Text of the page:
The Ultimate Guide to WP Super Cache Settings

This post was previously live on Iocreed dot com and has been reproduced here with some changes for modern times!

WordPress is the defacto CMS standard in modern times. It powers a huge portion of the web but by default, it is not so nimble or fast. WordPress doesn’t lead to static output and hence it’s quite heavy for page generation and building. This is where caching chimes in and before we delve further into this guide let’s see. You can skip to settings at the bottom if you don’t wish to know why and how is Caching actually important for WordPress.

Why is Caching Important?

  • Protection from traffic spikes: Caching can help protect your website from traffic spikes caused by sudden influxes of visitors. For example, if your website experiences a surge in traffic due to a viral social media post, caching can help distribute the load across multiple servers, ensuring that your website remains accessible and responsive.
  • Reduced server crashes: Caching can help prevent server crashes caused by excessive resource usage. When a webpage is repeatedly accessed, the cache stores the requested data, reducing the need for repeated database queries and server processes. This reduced load on the server can help prevent crashes and improve website uptime.
  • Enhanced mobile compatibility: Many caching solutions offer mobile caching, which optimizes the delivery of web content for mobile devices. Mobile caching accelerates page loading, improving the browsing experience for mobile users who may have slower internet connections than desktop users.
  • Improved API performance: Caching can also improve the performance of APIs (Application Programming Interfaces) that power various functionality on your website. API calls can consume significant server resources, but caching can alleviate this load by storing frequently accessed API results.
  • Environmentally friendly: By reducing the load on their server, caching can help make your website more environmentally friendly. Servers consume less energy and produce fewer greenhouse gas emissions when they are under lighter loads. Caching, combined with other optimization strategies, can aid significantly in reducing your carbon impact online.
  • Better adoption of CDN: A Content Delivery Network (CDN) caches static assets like pictures, videos, etc., at different locations worldwide. Using a caching plugin enables you to seamlessly integrate a CDN with your WordPress Website; thus, caching can facilitate utilizing a CDN.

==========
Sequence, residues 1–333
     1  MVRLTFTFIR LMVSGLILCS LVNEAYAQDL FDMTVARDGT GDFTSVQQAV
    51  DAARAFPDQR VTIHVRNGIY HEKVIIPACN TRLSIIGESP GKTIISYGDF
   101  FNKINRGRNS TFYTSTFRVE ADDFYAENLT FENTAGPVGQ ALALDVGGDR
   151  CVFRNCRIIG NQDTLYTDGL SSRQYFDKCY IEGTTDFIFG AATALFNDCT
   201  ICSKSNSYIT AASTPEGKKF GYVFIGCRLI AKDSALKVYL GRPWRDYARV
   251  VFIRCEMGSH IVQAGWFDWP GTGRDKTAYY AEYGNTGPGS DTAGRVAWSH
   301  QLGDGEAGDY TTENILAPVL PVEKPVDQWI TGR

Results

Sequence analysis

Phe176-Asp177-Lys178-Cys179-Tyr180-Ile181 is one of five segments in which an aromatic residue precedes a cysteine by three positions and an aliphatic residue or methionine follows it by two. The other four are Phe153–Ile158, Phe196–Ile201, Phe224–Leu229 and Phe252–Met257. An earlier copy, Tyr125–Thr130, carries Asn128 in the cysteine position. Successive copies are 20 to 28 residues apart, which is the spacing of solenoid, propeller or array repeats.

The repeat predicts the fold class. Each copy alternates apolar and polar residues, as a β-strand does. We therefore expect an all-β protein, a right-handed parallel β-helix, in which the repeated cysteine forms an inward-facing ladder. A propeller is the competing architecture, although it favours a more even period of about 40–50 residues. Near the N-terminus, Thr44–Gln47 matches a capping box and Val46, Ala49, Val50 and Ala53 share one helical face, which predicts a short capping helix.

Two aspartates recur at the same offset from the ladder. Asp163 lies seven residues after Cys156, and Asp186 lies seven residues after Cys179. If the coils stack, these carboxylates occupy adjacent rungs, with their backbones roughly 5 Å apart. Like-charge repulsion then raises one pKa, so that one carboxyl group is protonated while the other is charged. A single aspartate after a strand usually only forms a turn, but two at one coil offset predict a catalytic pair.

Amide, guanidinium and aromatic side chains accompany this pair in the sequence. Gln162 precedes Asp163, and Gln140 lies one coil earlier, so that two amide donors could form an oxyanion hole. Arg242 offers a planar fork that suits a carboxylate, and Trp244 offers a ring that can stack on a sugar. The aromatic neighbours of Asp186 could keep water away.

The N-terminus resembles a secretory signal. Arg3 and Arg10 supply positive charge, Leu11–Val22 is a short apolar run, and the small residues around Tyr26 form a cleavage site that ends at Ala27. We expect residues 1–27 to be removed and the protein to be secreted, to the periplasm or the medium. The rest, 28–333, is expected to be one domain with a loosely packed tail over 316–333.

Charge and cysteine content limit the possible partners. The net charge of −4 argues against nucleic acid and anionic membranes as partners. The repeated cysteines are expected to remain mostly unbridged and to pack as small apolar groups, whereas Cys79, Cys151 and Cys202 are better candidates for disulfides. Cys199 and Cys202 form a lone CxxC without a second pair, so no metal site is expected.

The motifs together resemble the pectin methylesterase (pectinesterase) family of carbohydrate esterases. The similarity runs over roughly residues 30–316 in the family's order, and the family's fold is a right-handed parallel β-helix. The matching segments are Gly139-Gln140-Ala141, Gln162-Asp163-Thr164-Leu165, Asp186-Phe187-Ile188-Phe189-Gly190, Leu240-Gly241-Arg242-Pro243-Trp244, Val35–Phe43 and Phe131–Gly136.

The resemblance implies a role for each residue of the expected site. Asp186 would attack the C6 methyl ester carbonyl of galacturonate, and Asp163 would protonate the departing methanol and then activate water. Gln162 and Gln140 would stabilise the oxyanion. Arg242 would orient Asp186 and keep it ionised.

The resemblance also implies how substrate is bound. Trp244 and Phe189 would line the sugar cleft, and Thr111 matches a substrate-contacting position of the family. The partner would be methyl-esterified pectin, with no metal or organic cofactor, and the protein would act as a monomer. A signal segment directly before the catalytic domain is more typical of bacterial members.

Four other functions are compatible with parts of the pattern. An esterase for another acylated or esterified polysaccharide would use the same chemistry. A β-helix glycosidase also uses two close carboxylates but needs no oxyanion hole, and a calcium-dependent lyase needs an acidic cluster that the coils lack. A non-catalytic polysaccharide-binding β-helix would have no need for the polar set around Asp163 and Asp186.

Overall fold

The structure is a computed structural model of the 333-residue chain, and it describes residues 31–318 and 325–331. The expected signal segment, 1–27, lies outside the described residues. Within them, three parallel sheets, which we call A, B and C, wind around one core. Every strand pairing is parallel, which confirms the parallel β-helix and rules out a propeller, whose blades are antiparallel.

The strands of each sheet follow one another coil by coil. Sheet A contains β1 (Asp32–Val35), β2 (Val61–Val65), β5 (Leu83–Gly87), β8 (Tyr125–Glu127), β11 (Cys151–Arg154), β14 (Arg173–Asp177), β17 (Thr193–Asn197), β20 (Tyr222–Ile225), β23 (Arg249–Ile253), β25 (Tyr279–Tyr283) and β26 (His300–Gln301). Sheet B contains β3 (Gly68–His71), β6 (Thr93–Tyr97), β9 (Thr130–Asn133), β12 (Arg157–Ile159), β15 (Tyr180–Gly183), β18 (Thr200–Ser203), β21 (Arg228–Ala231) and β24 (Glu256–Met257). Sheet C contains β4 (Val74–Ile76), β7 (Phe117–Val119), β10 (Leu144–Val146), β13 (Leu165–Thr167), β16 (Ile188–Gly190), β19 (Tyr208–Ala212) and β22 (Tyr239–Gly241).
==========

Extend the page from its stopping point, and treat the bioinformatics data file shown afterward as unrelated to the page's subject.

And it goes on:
• Save Plugin Slots: There are many excellent caching plugins for WordPress, such as WP Rocket, Cache Enabler, Breeze, and others. Installing one of these plugins can assist in compressing numerous functionalities required for optimal efficiency into just one plugin slot. Additionally, certain caching systems might function properly with specific hosting businesses, allowing you to use up valuable space by installing additional caching plugins.
  • Aids HTTP/2 adoption: Full-page caching, which comes with some caching solutions, can aid in adopting HTTP/2. HTTP/2 offers several performance improvements over HTTP/1.1, including improved multiplexing, header compression, and push capabilities. However, deploying HTTP/2 requires careful planning and configuration. Full-page caching simplifies this process by automatically serving cached pages using the newer protocol version.
  • Offloads server work: Caching can offload repetitive server tasks, freeing up resources for other tasks. By caching frequently accessed pages, metadata, and database queries, the server can focus on executing dynamic queries, processing new requests, and delivering personalized content.
  • Enhances security: Caching can enhance security by limiting exposure to certain types of attacks. For instance, it can mitigate denial-of-service (DoS) and distributed DoS (DDoS) attacks by absorbing and deflecting incoming traffic. Moreover, caching plugins often feature built-in tools to prevent malicious bots and wrong origin hits.
  • Supports responsive design: Responsive design plays an essential role in modern web development. Caching can support responsive design principles by conditionally caching pages based on factors like screen size, device type, and orientation. This ensures that users receive optimized content tailored to their viewport dimensions.
  • Simplifies migrations: Caching can simplify server migration procedures when switching between hosts or upgrading infrastructure. During propagation, caching can absorb traffic spikes and soften the blow of potential issues, minimizing disruptions to end-users and providing ample time for troubleshooting behind the scenes.